- Poverty and Child Abuse
Does Poverty Cause Child Abuse?
Coming from a poor family in the South Bronx during the 1960's, I can tell you first hand that I was never abused, but often times neglected because my parents were working their hrearts out somewhere in NYC trying to give their children a better life in a poversihed neighborhood. There is a big difference between neglect and abuse. My parents were always too tired to do things with us outside the home, but my sisters and I always knew our parents loved us and that they were tired from working all the time. But we were always dressed decent, always had food on the table and medical treatment when needed. I say we were neglected to the point of always being alone and doing our own cooking during the week. We did our own hair and kept our hygiene up. Our parents barely had time to have a decent conversation with us and we were left to make decisins on our own most of the i\time. I think this is the greatest of the neglect because as children we made a lot of wrong and sometimes not good decision. We literally shaped our own lives....which is not a good thing, we were children and we needed direction and guidance that we did not get because our parents were always working or too tired. We need our parents to ask us what do you want to be when you grow up, show us how to achieve that goal, keep us in tune with our education, etc and these are the things I am talking about when I say neglect. I think if my parents had more time to spend with us while we were growing up, that I would have been in college at the correct age of 18 years old, not had children in my ealry twenties, got married and formulated my career to my interest. In other words, with the proper attention from my parents, i think i would not be a case manager, I would be the Founder of my own Non Profit that targets an age group that has no services available to them at that time or at this time.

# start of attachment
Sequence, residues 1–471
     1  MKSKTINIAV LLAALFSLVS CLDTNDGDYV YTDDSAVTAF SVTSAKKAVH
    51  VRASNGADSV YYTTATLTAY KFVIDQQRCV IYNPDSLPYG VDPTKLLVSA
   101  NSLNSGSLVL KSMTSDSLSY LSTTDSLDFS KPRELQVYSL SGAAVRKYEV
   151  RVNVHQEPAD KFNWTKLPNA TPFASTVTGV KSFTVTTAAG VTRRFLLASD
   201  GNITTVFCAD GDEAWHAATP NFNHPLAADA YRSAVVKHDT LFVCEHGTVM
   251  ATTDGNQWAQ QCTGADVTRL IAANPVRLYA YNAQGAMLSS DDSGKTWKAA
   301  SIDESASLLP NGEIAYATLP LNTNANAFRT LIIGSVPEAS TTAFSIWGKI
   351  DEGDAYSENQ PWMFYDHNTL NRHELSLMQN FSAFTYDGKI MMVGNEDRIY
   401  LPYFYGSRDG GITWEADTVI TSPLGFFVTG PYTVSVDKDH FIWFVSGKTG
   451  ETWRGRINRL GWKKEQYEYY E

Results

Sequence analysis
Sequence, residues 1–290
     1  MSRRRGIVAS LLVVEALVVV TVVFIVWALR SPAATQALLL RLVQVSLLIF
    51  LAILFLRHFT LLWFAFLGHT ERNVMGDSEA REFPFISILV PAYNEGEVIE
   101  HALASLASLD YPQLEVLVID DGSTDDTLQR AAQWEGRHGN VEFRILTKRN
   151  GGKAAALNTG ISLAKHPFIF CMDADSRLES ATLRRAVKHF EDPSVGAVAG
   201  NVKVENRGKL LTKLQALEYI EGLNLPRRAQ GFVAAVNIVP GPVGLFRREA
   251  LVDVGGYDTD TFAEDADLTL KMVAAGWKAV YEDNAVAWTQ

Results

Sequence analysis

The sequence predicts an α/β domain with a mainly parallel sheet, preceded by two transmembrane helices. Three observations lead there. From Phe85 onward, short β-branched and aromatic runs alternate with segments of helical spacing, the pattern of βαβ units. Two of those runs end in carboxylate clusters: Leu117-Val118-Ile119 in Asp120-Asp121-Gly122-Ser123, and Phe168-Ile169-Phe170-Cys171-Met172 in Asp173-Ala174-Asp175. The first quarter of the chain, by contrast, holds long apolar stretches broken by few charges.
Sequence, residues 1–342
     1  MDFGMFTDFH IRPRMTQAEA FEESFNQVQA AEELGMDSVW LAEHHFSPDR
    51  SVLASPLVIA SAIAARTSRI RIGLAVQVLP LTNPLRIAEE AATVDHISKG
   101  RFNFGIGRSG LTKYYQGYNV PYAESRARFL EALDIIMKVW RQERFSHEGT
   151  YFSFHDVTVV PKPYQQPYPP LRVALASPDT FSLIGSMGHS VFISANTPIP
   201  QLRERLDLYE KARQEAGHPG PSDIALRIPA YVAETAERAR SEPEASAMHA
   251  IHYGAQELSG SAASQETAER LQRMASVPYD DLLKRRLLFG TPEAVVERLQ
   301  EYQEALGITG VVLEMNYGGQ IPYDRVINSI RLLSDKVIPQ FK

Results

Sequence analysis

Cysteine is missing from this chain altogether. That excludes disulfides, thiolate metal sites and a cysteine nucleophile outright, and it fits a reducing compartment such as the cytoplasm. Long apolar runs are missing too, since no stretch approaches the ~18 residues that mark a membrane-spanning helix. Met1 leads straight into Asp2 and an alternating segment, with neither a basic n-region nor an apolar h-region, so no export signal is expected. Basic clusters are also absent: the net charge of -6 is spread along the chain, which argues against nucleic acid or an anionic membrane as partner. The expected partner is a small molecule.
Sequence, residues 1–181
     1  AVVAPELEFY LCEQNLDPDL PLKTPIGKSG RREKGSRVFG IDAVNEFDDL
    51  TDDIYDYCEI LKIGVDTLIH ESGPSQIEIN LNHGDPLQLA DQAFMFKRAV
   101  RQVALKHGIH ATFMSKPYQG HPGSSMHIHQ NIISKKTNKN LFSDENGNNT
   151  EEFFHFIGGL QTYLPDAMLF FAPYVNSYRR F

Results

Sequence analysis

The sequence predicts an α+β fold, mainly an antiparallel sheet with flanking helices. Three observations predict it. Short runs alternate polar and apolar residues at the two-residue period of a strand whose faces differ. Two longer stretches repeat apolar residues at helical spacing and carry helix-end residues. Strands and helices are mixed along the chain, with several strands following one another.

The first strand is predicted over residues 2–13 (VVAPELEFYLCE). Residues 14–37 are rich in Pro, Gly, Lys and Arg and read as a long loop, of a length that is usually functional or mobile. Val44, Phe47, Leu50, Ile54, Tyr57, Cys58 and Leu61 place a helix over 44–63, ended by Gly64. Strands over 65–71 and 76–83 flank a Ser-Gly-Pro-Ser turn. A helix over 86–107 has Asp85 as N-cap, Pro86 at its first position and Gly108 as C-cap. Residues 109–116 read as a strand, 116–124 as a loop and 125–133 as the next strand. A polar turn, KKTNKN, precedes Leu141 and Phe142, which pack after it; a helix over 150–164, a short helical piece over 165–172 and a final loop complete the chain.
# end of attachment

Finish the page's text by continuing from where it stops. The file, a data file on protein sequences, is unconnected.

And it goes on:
Exec. Dir., National Assn. of Counsel for Children
Child welfare systems must learn to evaluate child safety objectively, basing their decisions to take protective custody on identifiable, imminent risks of actual harm. In the absence of that objectively determined, imminent risk, we have no right to judge others, their "behavior" or the "enclave" where they live. As long as we continue to think that we know better, we'll continue to jam group homes and residential programs with young people of color. Rich or poor, all families and their children should be equal before the law and on equal footing when a child welfare worker knocks on their door.
ARCHIVESVIEW FULL ARCHIVE
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- Aging City, Youth With Needs: The Challenge for Nonprofits by Danielle Moss Lee
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NYC's Success Reducing Unintended Births is at Risk
New Tools to Fight Homelessness
Testing and Transparency
Faith and the Quest for an Affordable New York
Aging City, Youth With Needs: The Challenge for Nonprofits
Participatory Budgeting: What's the Potential?
LGBTQ Youth and Foster Care
Can There Be Real Progress Against Poverty?
Improving School Engagement
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